WordPress 4.9 Protects Users From Fatal Errors Created in the Theme and Plugin Editors

Over the years, there have been many discussions and debates on whether or not WordPress should have a built-in file editor for themes and plugins. The file editors, while convenient, allow users to easily trigger fatal errors that can be difficult to fix, especially if they don’t have FTP access.

Instead of removing the editors from core, the WordPress development team has enhanced them by adding fatal error protection in WordPress 4.9. When a user accesses the theme or plugin editor for the first time, they’re presented with the following warnings. The warnings are a result of a three-year-old trac ticket.

Plugin Editor Warning
Plugin Editor Warning
Theme Editor Warning
Theme Editor Warning

If you try to save changes to a file and WordPress detects a fatal error, the change is not saved and a warning message is displayed that explains where the error occurred. Although the changes are rolled back, the code in the editor is not replaced with the original. To replace the code, simply refresh the browser tab.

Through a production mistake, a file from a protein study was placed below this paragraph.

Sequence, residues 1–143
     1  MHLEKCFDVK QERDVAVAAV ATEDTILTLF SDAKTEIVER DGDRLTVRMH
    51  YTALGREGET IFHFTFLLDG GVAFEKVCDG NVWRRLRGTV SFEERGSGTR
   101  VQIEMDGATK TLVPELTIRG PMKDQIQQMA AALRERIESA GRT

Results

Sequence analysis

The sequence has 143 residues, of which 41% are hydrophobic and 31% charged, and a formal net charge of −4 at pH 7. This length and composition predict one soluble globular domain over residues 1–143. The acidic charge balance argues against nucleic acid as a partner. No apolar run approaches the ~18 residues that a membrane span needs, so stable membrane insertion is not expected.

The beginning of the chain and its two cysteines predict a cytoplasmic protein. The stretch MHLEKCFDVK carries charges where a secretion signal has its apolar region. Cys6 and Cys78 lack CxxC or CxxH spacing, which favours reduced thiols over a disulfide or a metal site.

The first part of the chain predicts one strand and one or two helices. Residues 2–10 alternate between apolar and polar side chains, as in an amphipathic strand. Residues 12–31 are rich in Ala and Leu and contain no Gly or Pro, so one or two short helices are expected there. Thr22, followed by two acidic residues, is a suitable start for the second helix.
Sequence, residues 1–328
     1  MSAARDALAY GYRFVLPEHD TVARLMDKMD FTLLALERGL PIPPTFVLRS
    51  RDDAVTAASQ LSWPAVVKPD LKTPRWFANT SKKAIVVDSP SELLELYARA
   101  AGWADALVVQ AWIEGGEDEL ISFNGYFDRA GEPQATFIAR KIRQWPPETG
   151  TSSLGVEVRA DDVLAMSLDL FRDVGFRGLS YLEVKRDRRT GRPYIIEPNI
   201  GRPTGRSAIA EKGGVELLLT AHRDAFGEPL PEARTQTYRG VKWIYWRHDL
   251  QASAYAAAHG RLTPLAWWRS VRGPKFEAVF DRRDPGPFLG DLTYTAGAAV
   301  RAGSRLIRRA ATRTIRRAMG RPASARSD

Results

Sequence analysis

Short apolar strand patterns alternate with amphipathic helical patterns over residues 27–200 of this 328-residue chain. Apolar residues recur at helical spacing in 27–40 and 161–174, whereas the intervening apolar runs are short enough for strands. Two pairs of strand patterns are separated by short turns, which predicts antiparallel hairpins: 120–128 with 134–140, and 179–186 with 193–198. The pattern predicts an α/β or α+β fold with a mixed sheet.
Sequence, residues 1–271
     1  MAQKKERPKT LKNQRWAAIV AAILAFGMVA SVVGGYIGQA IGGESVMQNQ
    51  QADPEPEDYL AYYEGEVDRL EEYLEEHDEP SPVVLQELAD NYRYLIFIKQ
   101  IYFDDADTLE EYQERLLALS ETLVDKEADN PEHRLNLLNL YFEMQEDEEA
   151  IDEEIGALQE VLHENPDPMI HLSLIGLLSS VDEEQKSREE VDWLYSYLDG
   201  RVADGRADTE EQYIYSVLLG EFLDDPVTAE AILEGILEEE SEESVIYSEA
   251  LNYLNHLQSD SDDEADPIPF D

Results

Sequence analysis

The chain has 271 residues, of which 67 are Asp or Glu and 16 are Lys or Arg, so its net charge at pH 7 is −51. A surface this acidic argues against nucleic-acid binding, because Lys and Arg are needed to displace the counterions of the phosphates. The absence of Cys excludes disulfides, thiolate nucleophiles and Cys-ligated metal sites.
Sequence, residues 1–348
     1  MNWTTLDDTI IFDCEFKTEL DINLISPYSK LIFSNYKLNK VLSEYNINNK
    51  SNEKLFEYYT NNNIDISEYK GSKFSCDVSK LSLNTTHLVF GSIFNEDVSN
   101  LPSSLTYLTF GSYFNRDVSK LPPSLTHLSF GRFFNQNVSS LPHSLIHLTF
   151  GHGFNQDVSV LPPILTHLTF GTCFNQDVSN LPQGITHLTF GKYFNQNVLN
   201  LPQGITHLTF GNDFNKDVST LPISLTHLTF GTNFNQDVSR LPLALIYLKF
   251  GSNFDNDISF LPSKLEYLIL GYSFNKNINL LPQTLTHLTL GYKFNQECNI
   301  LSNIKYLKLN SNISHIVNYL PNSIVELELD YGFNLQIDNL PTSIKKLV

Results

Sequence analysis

Fatal Error Detected
Fatal Error Detected

In addition to safety features, the code editors are powered by CodeMirror, an open-source, JavaScript powered text editor that adds features such as line numbers. The plugin editor includes the ability to look up documentation for filters, hooks, and actions with many of the links pointing to the new WordPress Developers Resource site.

Even with the addition of CodeMirror in core, the file editors in WordPress are not a replacement for an integrated development environment. However, the warnings and fatal error protection are huge improvements that will prevent many users from creating a White Screen of Death situation on their sites.


45 responses to “WordPress 4.9 Protects Users From Fatal Errors Created in the Theme and Plugin Editors”

      • Another reason for blocking the file editor is so that someone with the right privileges (aka hacker adds themself as admin) can’t also add malicious code.